In the meantime, the internet and twitter-verse is aswarm with those whose expectations were not met. Apple's inability to fulfill all of the rumour-mill's rampant and often unrealistic predictions is seen by some as a fundamental failure of a company that should know better. And, dammit, should have done better.

A friend posted on Facebook that "It's really an oversized iTouch being heralded as new technology for the future!" and goes on to say that he's "had a fully functioning tablet for 3 years now!". The PC he's referring to isn't the iPad, or anything like it, and it wouldn't take long to confirm that, but his characterization is already dishearteningly familiar and confirms how rewarding it can be to pass judgment ... even when that judgment is sometimes based on a minimum of related information.

Bob Lefsetz, a pop culture commentator, wrote something yesterday so ill-informed that it made me laugh out loud when I read it:

"The iPad is almost like a computer without software". He said.

A computer without software is exactly what it is at the moment! A powerful, beautifully designed computer that you operate by moving your fingers over a screen. The iPhone had  no software to speak of when it was announced. As of Wednesday there are 140,000 apps in the App Store. But Bob, my friend on Facebook, and many others, are unimpressed.

I will continue to be excited, optimistic and hopeful about what I see as a whole new way to interact with the ever-growing digital data-stream and a new vessel into which we can pour our collective imagination. And I'll leave you with this:

“You can't just ask customers what they want and then try to give that to them. By the time you get it built, they'll want something new.” ~ Steve Jobs

If you do have some interest in the iPad and want to take a few minutes to learn about it, I recommend the article posted yesterday by British actor, writer, comedian, television presenter, film director and genius Stephen Fry who was at the Yerbe Buena presentation and held one in his hands. I also recommend David Pogue's "The Apple iPad, First Impressions" in the New York Times, and John Gruber's dependably incisive and clear-headed observations on his blog, Daring Fireball.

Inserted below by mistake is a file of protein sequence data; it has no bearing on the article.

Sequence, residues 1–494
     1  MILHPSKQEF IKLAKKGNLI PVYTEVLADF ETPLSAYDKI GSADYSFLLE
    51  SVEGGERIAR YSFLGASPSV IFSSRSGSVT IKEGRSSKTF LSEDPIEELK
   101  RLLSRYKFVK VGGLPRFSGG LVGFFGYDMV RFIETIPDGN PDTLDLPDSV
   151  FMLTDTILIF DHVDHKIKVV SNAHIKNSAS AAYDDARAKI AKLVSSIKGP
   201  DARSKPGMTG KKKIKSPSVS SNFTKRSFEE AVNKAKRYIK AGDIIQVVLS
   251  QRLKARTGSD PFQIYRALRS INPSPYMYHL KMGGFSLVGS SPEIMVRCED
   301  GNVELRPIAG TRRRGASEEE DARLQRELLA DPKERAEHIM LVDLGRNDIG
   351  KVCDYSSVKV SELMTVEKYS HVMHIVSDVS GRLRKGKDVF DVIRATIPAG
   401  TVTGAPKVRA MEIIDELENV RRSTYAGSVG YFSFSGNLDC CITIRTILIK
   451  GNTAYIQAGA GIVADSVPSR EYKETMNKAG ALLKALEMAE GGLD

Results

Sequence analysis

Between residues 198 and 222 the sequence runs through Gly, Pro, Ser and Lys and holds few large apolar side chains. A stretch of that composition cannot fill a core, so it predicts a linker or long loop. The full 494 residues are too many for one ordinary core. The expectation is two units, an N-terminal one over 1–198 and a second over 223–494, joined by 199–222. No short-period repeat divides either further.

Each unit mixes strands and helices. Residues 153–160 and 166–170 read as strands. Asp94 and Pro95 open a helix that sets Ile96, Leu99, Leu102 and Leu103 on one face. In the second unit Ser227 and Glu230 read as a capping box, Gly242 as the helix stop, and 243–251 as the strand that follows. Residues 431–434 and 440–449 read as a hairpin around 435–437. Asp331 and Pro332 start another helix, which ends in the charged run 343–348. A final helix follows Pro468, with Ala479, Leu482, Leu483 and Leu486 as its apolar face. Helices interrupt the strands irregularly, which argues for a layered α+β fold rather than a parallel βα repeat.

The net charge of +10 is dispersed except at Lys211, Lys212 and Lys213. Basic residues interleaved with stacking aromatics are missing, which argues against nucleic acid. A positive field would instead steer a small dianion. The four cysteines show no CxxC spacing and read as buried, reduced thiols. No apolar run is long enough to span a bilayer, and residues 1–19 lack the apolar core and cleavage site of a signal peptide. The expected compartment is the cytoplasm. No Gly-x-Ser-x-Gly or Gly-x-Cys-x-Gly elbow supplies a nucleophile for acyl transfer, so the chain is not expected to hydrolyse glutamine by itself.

Pack Mentality

Connor performed his first Indie/Dance/Mash-Up set last night at a downtown hole-in-the-wall called the Soundlab. It was a guest-list only event featuring three DJs. Unlike the two turntablists, Connor did an Ableton Live set - a seat-of-the-pants high-wire act where all the musical pieces are prepped on the computer and then selected, beat-matched and spat out in real time – the all important groove totally dependant on split second jabs at a bewildering collection of knobs, buttons and faders. He's been creating mash-ups (digital re-mixes wherein one or more popular songs are mashed together) for fun for months, but started working on his set in earnest when he learned there might be an opportunity to try it out live on a room full of drunk and dancing twenty-somethings.

He's posted three early mash-ups and an original electro/club/pop track on his "Pack Mentality" MySpace page - where he has quietly but steadily been building his Nu Disco persona.

This is another musical left turn for Connor - but probably a welcome and rewarding antidote to the frustration of trying to assemble a band of great players and then keep them together for more than one or two cash-challenged shows. His MacBook Pro, Reason, ProTools and Ableton Live allow him to create and perform solo - not with an acoustic guitar like Rev. 1, but with the power and the glory (and the block-rockin' beats) that only an infinite collection of digital samples can deliver. Add to that the undeniable ear-candy of layered iconic pop slices and you can begin to see the appeal - both for him and the dance floor.

And all his gear fits in a backpack.

Stay tuned.

My End of the Decade Story

Just before New Years, I began writing an ‘end of the decade’ piece chronicling my frustration with the general lack of trustworthy sources of legitimate and reliable information in this digital age. I researched carefully, in order to accurately present both sides of conflicting arguments championed by intelligent and convincing spokespersons. I sweated the details so that my dilemma would be clear. Both sides can not be right, and finding the truth of a thing seems to be growing harder and harder as more and more information becomes available.

I wrote the post using a beautiful and innovative new word processor that fills the computer screen with a peaceful white snowscape, eliminating all distractions. It truly seemed to help me focus exclusively on the writing. The essay grew long, but I was happy with the way it was coming along.